Review by Nick H.

Contrast is an interesting look at a family struggling to stay together in the 1920’s. The primary character is a small girl named Didi, though the player actually controls Didi’s imaginary friend who shift through the light and shadows creating a world of 2D and 3D puzzles and adventures. Contrast is a fascinating look at a dysfunctional family in a world where the characters lack the clean cut lines of light and darkness that the game mechanics rely upon.

Didi is an easy character to sympathise with. She belongs to a family that barely scrapes by on her mother’s job as a cabaret singer and her father who jumps from one ill-fated scheme to another, often associating with unsavoury characters in his business deals along the way. While her father suffers a broken finger, Didi suffers from a broken home and it’s not difficult to see why she might escape to a world of make believe and invent a friend to help her out when the morality of so many of the people in her life are questionable at best.

The world Didi lives in is an almost hauntingly beautiful one, and one where, except for Didi and her imaginary friend, all we see of characters is their shadows. Like a shadow puppet show, we see impressions of characters without actually getting to see their faces, forcing the game to relay so many of its emotions through the voice acting. Thankfully the music and the actors are able to carry that weight with excellent performances across the board.

While the stories, aesthetics and characters are what drive Contrast forward through its relatively short play length, the game itself is built around platforming with a creative mechanic involving shadows and the imaginary friend’s ability to jump into a 2D world with the shadows and then back into the 3D world that Didi occupies. This is a brilliant mechanic with a world of possibilities, and thankfully it is generally well if not perfectly executed. Sometimes the puzzles are simple – players need to use an already stationary light source that casts a shadow to act as a platform to reach an important but out-of-reach ledge or the like.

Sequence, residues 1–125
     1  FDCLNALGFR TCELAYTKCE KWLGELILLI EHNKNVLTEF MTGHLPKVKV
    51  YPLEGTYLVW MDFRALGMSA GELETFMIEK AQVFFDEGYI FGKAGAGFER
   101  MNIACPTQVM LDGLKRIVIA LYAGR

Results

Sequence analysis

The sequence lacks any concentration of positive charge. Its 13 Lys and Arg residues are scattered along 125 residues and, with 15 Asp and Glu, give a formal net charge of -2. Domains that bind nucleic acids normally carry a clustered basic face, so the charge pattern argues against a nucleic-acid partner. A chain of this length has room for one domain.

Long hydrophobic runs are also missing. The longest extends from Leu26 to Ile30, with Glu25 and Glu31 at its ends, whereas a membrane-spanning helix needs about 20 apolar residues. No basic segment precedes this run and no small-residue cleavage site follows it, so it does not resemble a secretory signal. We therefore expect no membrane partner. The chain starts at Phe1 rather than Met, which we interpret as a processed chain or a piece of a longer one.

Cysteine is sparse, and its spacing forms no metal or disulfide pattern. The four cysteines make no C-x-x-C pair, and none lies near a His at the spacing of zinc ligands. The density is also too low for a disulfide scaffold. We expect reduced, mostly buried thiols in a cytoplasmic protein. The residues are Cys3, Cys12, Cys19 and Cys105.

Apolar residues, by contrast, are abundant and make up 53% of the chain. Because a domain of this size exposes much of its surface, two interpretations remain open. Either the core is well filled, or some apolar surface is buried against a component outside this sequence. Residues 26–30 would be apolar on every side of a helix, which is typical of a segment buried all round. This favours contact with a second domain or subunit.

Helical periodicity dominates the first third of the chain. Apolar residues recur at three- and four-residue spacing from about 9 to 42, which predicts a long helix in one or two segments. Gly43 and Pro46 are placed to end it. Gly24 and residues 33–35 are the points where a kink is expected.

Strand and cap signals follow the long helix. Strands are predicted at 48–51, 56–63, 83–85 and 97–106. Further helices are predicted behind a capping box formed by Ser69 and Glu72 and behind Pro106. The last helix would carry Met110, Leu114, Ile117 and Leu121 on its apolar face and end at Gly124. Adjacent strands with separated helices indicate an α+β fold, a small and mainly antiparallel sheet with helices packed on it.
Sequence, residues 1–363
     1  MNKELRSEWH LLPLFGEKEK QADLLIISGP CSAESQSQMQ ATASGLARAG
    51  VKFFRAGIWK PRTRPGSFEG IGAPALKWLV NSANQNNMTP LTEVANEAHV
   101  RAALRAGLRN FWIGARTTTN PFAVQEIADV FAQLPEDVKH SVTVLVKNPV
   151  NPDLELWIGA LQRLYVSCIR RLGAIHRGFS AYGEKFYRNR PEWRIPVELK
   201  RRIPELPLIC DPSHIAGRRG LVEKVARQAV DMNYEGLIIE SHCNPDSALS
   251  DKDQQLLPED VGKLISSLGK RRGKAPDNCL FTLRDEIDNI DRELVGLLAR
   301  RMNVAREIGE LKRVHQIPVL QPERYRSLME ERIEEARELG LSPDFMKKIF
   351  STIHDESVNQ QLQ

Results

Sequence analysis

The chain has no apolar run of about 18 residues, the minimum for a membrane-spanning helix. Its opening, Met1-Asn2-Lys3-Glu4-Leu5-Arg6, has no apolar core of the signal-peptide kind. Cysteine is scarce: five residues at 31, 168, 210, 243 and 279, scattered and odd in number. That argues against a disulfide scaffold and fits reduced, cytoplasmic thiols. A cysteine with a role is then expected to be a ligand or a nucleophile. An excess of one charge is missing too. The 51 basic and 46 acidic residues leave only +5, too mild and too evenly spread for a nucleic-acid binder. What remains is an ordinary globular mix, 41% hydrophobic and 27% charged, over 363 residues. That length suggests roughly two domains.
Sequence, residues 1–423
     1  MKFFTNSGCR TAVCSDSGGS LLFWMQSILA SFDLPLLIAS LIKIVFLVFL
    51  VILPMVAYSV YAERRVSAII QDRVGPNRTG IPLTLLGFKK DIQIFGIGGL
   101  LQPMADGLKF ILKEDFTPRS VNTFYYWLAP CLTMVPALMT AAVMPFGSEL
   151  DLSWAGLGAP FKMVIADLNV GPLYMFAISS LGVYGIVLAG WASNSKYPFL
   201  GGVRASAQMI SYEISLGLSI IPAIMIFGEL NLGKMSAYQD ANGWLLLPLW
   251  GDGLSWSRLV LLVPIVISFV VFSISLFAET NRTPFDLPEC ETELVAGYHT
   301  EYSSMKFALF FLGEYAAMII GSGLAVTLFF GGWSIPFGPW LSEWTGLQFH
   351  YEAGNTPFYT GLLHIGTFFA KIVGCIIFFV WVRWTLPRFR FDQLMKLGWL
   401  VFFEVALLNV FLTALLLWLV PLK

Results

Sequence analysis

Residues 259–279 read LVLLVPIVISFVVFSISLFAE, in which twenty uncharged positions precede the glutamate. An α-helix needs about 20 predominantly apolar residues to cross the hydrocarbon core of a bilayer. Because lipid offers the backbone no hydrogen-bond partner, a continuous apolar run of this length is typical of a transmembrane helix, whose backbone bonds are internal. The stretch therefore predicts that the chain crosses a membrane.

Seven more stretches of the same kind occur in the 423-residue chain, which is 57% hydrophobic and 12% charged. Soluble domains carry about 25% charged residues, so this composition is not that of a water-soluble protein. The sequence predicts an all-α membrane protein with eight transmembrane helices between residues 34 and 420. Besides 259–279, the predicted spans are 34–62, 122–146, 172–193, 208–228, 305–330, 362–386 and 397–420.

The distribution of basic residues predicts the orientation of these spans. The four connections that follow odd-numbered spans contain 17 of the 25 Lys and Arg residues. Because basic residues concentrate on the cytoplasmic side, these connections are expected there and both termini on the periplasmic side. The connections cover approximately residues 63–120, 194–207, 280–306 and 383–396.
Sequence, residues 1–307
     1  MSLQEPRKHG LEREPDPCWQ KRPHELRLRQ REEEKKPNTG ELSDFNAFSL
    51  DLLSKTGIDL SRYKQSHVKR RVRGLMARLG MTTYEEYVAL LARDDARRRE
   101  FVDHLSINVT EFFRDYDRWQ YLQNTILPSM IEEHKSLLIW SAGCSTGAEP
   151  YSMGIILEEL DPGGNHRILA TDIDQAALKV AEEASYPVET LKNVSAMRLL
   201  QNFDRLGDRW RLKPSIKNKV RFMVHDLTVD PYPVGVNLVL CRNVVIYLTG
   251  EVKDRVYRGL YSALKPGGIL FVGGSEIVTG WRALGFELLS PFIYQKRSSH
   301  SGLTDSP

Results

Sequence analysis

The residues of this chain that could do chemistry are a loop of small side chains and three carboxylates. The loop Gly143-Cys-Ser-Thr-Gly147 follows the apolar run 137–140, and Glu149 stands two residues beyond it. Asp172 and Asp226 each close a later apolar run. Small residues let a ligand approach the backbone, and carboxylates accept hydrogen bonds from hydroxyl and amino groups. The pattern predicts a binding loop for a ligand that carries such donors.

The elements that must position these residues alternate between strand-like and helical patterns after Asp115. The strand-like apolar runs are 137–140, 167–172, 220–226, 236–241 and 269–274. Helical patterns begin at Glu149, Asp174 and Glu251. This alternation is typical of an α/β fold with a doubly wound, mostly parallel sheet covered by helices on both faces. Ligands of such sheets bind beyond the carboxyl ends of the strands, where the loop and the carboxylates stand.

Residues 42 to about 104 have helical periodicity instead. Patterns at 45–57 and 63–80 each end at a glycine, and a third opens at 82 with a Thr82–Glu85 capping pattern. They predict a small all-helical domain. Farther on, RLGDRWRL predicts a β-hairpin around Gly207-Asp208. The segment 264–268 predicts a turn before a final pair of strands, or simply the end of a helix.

At other times, the platforming can be trickier as the sources of light that create the shadow platforms might be on a timer, or they might be the moving shadow of a person, making for an unrealiable and unsteady platform to clamber over. At other times players will need to manipulate the “real world” in order to create the right set of shadows to reach certain points. It is a very creative system, it’s just unfortunate that some of the jumping and shifting feels a bit stiff at times. I tried the same jump several times over, and suddenly it worked after repeated failures, though I did not do anything discernibly different.

It is interesting that a world that so fully embraces light and shadow has so many characters entrenched in morally grey dilemmas. The world revolves around Didi, which makes sense since your character is bound to her. Not physically tethered, but as an imaginary best friend there is freedom to move about and explore – but only within reason. It is an interesting design choice as we are basically following Didi’s exploration of the world around her, and straying too far from her and the next objective is impossible, as the world around your character begins to warp and become impassable. It is a creative way to make sure that the story continues onward at a relatively brisk pace.

The platforming segments are often very creative, just not as smooth or fluid as I would have liked. Thankfully these elements, while gamifying the experience, are not the highlights of this show. The very human interactions starring a variety of flawed people through the eyes of an innocent girl who is slowly having her views of the world stripped away and altered are what make Contrast stand out. As a game Contrast works, but has a few flaws. As a creative narrative, Contrast succeeds on almost every front.

– Nick H.
US Editor

Our Comments and Scoring Policy

This is the bio under which all legacy articles are published (as in the 12,000-odd, before we moved to the new Website and platform). This is not a member of the DDNet Team. Please see the article's text for byline attribution.

Previous Story


Next Story

The Friday 10; Ten must-play “otaku” JRPGs

Latest Articles